After Trudy Arriaga’s departure from the Superintendent position in Ventura Unified, Michael Babb stepped in to fill the vacant position. Well experienced in the education and leadership department, Babb “didn’t think twice” before applying to Ventura Unified.
After Trudy Arriaga’s departure from the superintendent position in Ventura Unified, Michael Babb stepped in to fill the vacant position.
Experienced in the education and leadership department, Babb “didn’t think twice” before applying to Ventura Unified.
“I genuinely loved the district and really wanted to serve it,” he said.
Babb attended Cal State Sacramento, majoring in English and minoring in journalism. He has always been a fan of literary arts such as English, journalism and creative writing, so it only seemed natural for him to major in that area. Later on, he earned a doctorate at UCLA in educational leadership.
Babb kick off his teaching career at Gardena High, but soon moved on to teaching at different grade levels in various areas such as San Francisco, Sonoma County and Spain. He taught English in Santander, Spain, to children and adults.
“It’s great around the coast and there’s all kinds of different interesting things to do and see,” Babb said. “There are great beaches. There are ferries that go to England from there and there’s just a lot of culture in Santander. It’s a really wonderful place to live for a year.”
In 2001, Babb moved to Ventura where he became the principal at E.P. Foster Elementary School. He then moved on to working at the Ventura County Office of Education as the director of the Curriculum and Instruction department, as well as teaching Educational Leadership at Cal State Channel Islands. Before coming to Ventura Unified, Babb’s was the superintendent for the Mesa Union School District for three years.
Executive Assistant to the Superintendent Martha Macias described Babb as a caring and kind individual with a genuine care for the students.
“It was obvious to me that his return to Ventura Unified as superintendent was where he ultimately wanted to be,” she said.
Administrative specialist Kristie Wallace shares the same views as Macias and sees Babb as a positive person who “thinks the best of everyone and of their intentions.”
“He also has a good balance of serious along with humorous. The job of the superintendent is a big one and can really get to you, so keeping your sense of humor close to your side is important,” Wallace said.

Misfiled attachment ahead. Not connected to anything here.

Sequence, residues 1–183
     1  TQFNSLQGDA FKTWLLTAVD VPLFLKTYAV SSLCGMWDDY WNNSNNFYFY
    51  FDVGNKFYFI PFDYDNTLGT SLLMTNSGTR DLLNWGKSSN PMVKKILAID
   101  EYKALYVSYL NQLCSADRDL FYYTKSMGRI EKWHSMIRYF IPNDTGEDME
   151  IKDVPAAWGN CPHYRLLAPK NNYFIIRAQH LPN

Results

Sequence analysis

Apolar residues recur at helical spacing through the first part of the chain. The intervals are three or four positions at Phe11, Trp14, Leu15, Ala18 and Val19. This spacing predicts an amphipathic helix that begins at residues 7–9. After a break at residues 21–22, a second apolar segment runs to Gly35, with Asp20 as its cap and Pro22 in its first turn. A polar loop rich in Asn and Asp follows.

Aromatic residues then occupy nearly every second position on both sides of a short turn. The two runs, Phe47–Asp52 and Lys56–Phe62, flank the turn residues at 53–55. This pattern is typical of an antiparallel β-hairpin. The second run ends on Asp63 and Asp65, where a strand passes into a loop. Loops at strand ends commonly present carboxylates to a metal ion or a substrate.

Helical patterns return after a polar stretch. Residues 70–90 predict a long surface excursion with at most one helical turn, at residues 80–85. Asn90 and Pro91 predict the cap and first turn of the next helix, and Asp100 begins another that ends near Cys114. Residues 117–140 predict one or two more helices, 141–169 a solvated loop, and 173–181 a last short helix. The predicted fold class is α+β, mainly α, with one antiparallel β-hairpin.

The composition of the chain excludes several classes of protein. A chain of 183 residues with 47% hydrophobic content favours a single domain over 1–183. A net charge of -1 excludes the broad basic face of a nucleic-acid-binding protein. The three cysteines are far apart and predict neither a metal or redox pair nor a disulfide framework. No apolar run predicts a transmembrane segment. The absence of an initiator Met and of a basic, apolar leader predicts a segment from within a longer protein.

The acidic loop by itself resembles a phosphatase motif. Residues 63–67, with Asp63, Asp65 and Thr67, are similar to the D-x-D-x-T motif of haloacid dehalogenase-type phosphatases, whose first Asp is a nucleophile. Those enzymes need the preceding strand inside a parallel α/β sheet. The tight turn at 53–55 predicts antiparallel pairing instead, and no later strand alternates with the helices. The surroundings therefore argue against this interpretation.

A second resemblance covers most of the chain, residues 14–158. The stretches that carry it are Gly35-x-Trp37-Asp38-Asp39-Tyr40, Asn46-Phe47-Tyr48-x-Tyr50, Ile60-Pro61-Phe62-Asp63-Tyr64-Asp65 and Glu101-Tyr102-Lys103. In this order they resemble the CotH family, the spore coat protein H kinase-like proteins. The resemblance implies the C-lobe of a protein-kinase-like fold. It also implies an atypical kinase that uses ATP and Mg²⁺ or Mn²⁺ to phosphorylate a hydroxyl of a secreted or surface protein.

With a vast understanding of education and leadership, Babb said that “inquisitiveness” is what it takes to be successful academically.
Besides his passion in education and learning, Babb also enjoys sports such as running. He said that it clears his head and keeps him “physically active and mentally alive.” He has participated in over 50 marathons and counting.
“My goal was to do 50 by my 50th birthday, and I ran my 50th marathon in my hometown of San Francisco a week before my 50th birthday,” he said.
“Everybody can run marathons. I’m not made to run. It’s all just heart and pushing yourself,” he continued.
In some ways, “pushing yourself” not only applies to playing sports, but also to achieving goals. And one goal Babb hopes students achieve success in finding their “voice”.
“I want them to have an understanding of the world around them and be able to set goals for themselves for a continued lifetime of investigations,” Babb said.
He continued on to advise students to also “play nice” in life.
“This is a society and schools are expected, and we are expected as well, to not only promote academic goals but also goals in interacting with other people,” he said.
“It’s a really important aspect of the world now and to the future, and I want people to come out of here with an ability to work with a lot of different kinds of people in a lot of different kinds of situations.”
“To be able to advocate, to explain, to understand, I think are the keys to world peace and for continued existence as a species,” he continued. “So again, play nice.”